This article previews the issues and arguments in Oxford Health Plans LLC v. Sutter, to be argued before the U.S. Supreme Court on March 25, 2013. The primary issue the Court will address is whether an arbitrator exceeds his powers under the Federal Arbitration Act when the arbitrator concludes that the parties authorized class arbitration based on an arbitration clause that contained language broadly precluding litigation of any dispute, arising under the contract, in any court?
In Oxford Health Plans LLC, the Court for the second time during the 2012-13 Term and the sixth time in recent years again addresses the problem of class arbitration. This appeal focuses on the specific issue whether an arbitrator, under the Federal Arbitration Act, legitimately construed the broad language of the parties’ arbitration clause to conduct class arbitration, where the provision contained no specific language authorizing class arbitration. Based on its growing body of jurisprudence relating to class arbitration, Oxford’s appeal will require the Court to further clarify exactly when parties agree and consent to authorize class arbitration, based on specific contractual language in their arbitration agreement. With the increased use of arbitration clauses throughout commercial transactions, the battle over class arbitration has resulted in repeated appeals to the Court for guidance and clarification concerning the precise contract language authorizing or not authorizing class arbitration.
The professional services contract between Oxford and Sutter contained a relatively short arbitration clause. The core arbitration provision specified that “No civil action concerning any dispute arising under this Agreement shall be instituted before any court, and all such disputes shall be submitted to final and binding arbitration in New Jersey, pursuant to the rules of the American Arbitration Association with one arbitrator.” The arbitrator concluded that the arbitration clause was much broader than even the usual broad arbitration provision, because it prohibited any conceivable court action and required that all such disputes be sent to arbitration. Consequently, because a class action was plainly a form of civil action that could be brought in court, the clause must have been intended to prohibit court adjudication of class litigation, but intended to permit class arbitration. Conversely, if the arbitration clause did not authorize class proceedings, then Sutter would not be able to pursue a class action in any forum. The arbitrator subsequently certified a class in March 2005, and issued an “award” defining the class and delineating the class claims to be resolved in the arbitration.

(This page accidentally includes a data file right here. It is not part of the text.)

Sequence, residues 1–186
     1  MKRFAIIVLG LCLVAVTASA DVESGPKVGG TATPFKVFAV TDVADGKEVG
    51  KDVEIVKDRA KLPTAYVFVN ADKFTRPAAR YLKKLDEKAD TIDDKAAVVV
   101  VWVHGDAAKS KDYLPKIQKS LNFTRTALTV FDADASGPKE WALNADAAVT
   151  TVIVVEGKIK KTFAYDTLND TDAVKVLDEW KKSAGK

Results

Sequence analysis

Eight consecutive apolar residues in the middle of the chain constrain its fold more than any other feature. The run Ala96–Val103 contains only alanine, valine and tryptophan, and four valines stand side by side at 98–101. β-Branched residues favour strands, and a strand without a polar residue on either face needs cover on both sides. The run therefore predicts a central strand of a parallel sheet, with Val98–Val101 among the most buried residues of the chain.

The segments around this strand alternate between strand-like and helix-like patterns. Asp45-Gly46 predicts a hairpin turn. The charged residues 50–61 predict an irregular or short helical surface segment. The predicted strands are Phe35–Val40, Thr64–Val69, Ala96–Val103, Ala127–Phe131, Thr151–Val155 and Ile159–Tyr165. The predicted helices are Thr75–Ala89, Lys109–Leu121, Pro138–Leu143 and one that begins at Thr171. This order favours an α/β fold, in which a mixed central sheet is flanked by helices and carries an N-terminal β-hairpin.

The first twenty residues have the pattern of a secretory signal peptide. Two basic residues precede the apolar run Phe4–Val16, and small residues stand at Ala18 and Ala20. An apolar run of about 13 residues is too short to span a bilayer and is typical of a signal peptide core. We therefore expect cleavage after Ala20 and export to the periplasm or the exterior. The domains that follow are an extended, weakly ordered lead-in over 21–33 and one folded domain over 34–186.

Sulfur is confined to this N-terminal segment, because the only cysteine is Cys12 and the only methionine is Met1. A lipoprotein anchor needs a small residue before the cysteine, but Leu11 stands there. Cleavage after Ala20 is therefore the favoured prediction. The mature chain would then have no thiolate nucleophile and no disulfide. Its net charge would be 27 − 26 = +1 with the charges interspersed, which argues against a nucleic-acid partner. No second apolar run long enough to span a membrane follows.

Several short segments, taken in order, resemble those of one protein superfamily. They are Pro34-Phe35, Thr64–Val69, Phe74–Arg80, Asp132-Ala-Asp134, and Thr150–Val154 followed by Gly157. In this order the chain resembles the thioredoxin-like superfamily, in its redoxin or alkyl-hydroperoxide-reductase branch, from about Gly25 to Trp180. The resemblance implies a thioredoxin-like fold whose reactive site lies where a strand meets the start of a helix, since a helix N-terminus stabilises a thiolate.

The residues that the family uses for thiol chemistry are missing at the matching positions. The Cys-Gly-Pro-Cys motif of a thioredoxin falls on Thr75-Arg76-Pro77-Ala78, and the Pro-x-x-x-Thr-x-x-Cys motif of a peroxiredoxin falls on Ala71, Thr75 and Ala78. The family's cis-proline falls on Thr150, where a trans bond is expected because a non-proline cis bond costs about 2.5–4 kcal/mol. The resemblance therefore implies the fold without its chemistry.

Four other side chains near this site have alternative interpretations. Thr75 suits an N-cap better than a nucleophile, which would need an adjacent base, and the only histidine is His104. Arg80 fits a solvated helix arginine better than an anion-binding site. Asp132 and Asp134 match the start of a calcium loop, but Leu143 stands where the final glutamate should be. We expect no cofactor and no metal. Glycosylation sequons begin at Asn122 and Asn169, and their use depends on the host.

From the defense perspective, Oxford Health Plans is significant because the appeal demonstrates the need for the Court to provide clarity for attorneys tasked with drafting arbitration provisions where a client desires to avoid class arbitration. This seems especially compelling in light of a broad and seemingly clear arbitration provision intended for bilateral arbitration of disputes. Notwithstanding multiple decisions in recent years, the repetition of this problem suggests that the Court needs to bring order to the array of possible language that might or might not authorize class arbitration. The cases demonstrate that apart from the concerted efforts of corporate attorneys to draft class-proof arbitration provisions, plaintiffs continue to find nuanced means to discern parties’ intent to agree to class arbitration.
From the plaintiffs’ perspective, the two class arbitration cases currently before the Court will have significant impact on broader questions of access to justice. In Italian Colors, the Court will determine whether to uphold the effective vindication rule which would enable class arbitration for small value claimants where the costs of arbitration might otherwise preclude redress in any forum. Similarly, in Oxford Health Plan the Court may weigh whether the broad language of an arbitration provision barring any disputes from court, coupled with a mandatory arbitration provision, is so sweeping as to effectively foreclose class resolution anywhere.
To some extent, the narrow language issues presented in these two appeals may essentially constitute a self-correcting problem. In Italian Colors, the arbitration provision was drafted years ago before the Court’s major arbitration decisions setting forth the contours of class arbitration jurisprudence. Several commentators have pointed out that successive generation arbitration clauses now include mitigating concessions to make the prospect of arbitration more palatable and fair. In a similar vein, the arbitration provision entailed in Oxford Health Plan was drafted more than a decade ago, and its broad, boilerplate language may now be a thing of the distant past.
Linda S. Mullenix, Round Five and Down for the Count? Class Arbitration on the Ropes - Again, 6 Preview of United States Supreme Court Cases 270 (March 18, 2013).